Some ideas for the aRts-replacement

Alexander Neundorf neundorf at
Fri Feb 20 16:58:25 GMT 2004

On Thursday 19 February 2004 23:00, you wrote:
> On Thursday 19 February 2004 21:00, Alexander Neundorf wrote:
> > I am arguing against putting everything (OSS handling, ALSA handling ->
> > hardware access, stream mixing, decoding, plugins) into one item.
> That's reasonable and I agree.  But this started off more like "let's have
> the application do everything themselves" or something like that -- at
> least I think that if that wasn't the intention it wasn't clear.

Ah, ok :-)

> meaningful.  Let's say:
> "sound server" -- a hardware abstraction, i.e. Jack or ESD
> "media framework" -- a library or set of libraries that may or may not
> specifically work with a "sound server" to decode and generally handle
> *audio and video* media.

ok :-)


> This is something similar to what we're talking about, but I really don't
> think the scope is well understood in this discussion.  I don't think this

Yes, maybe.

> is something that will be scraped together in a couple of months.  Just the
> core of GStreamer is about 75,000 lines of code -- the plugins are another
> 200,000.
> I don't know anyone in KDE that really wants to work on such a framework or
> deal with writing all of plugins for input and output.  Not to mention that

Yes, we don't want to.
IMO we need something usable without fancy stuff. No multi-channel mixing, no 
effect plugins, no network transparency, no equalizers, no video, ...
Still it should be able to play the most common file types (wav, mp3, ogg, 
maybe flac) and support OSS and ALSA (and other platforms). 
I really think this can't be that hard (don't we have all the code inside  
arts ?). For simple tasks this should be enough. For more advanced things it 
should be possible to use 3rd party projects. Maybe provide a KDE-ified 
interface to use them.

> we need a video solution and we haven't even scratched the surface of the
> issues that arise with that.  

I really don't think we can successfully do this or should even try it. This 
should be left to the video app/lib, i.e. xine and mplayer. These both are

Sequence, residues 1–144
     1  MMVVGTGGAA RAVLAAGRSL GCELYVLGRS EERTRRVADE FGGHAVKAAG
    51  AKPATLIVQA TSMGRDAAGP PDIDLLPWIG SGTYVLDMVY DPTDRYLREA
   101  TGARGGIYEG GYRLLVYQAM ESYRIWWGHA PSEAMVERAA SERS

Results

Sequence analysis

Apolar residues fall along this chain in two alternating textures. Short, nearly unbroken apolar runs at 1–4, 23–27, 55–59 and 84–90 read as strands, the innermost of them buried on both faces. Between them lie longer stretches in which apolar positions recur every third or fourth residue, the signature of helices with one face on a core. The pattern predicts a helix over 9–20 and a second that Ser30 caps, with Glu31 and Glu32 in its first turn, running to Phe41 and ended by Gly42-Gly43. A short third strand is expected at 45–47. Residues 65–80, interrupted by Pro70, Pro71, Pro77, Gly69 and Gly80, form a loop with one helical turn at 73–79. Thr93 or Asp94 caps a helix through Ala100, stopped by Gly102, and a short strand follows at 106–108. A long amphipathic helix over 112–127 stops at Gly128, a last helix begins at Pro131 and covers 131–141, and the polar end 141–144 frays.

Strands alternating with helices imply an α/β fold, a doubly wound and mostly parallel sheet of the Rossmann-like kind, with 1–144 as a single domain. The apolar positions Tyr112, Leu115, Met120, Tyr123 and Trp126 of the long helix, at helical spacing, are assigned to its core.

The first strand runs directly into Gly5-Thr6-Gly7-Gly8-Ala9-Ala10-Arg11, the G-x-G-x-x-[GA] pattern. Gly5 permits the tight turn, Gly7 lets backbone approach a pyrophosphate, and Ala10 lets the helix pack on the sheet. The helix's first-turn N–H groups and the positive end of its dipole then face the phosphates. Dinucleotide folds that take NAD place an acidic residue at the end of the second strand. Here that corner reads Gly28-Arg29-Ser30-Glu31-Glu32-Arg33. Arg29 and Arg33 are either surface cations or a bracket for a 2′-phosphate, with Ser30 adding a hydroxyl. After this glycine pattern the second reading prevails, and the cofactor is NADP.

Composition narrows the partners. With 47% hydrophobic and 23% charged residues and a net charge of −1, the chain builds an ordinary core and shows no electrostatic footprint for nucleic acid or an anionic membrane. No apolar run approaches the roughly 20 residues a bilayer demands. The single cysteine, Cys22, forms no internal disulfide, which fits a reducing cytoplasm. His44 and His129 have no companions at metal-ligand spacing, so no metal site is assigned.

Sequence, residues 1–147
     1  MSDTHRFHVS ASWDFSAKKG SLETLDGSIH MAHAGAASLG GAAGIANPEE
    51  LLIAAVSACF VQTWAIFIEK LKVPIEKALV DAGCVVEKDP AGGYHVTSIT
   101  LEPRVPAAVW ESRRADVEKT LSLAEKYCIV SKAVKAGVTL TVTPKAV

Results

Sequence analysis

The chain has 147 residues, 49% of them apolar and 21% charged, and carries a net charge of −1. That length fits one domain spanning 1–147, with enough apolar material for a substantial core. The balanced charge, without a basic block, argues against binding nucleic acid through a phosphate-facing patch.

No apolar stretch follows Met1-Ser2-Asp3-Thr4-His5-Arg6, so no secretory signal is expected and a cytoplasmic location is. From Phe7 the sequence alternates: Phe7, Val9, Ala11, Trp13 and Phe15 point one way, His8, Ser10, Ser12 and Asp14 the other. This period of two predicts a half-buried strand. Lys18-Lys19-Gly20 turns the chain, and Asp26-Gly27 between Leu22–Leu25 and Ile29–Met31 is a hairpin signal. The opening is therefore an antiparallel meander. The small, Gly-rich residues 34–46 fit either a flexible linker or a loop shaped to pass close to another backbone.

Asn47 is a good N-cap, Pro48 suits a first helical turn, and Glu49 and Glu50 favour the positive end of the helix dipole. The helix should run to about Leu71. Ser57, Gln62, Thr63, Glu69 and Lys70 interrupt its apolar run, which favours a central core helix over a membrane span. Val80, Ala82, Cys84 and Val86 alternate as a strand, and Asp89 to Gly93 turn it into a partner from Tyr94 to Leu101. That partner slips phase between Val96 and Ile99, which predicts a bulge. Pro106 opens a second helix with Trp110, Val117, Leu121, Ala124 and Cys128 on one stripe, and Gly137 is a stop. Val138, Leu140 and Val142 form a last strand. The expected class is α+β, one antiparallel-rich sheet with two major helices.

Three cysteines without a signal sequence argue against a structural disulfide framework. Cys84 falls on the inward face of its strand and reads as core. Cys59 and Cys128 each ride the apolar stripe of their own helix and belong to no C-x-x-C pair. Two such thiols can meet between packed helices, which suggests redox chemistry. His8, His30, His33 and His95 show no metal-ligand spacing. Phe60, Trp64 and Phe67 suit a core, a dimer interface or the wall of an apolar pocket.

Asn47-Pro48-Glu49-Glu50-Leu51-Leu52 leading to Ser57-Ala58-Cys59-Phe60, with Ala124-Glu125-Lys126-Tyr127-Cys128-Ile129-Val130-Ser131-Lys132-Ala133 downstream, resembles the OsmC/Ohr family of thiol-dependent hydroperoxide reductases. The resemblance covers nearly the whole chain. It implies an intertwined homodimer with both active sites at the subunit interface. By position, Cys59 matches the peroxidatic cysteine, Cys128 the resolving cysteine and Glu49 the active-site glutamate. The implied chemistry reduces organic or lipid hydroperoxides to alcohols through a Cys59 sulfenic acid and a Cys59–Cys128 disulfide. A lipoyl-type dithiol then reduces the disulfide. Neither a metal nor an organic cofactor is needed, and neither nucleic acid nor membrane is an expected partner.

big projects with enough people. Let's just use what they produce.

> Basically I don't want to see another aRts --
> something that starts with good intentions but kind of bombs due to lack of
> contributors and a mis-understood scope at the time of design.


> Really what you're saying is that *you* don't normally need more than two,
> and *your* soundcard supports two and that *you* would understand what's
> going on if you had three opens on /dev/dsp and one of them didn't work on
> your *Linux* system.  I don't think it's fair to assume that all of those
> hold true for "normal" users.

Maybe, but actually I think I'm right.
I mean, what do users do with sound ?
Listen to music, notifications, watching movies, watching/listening short 
audio/video clips.
Anything else which isn't special purpose ? 

Now, what of these things do they usually at the same time ?
Watching movies and listening to music usually not. Music is running all the 
time, when they decide to watch a video they will turn the music off. 
Notifications happen only from time to time. If they can't happen while a 
short clip is played, no big problem.

If the user considers it to be a big problem, he should use another sound 
server, e.g. arts or MAS. 

This can even be the default. I'd vote for MAS, at least it's maintained and 
developped by shiman inc. for by

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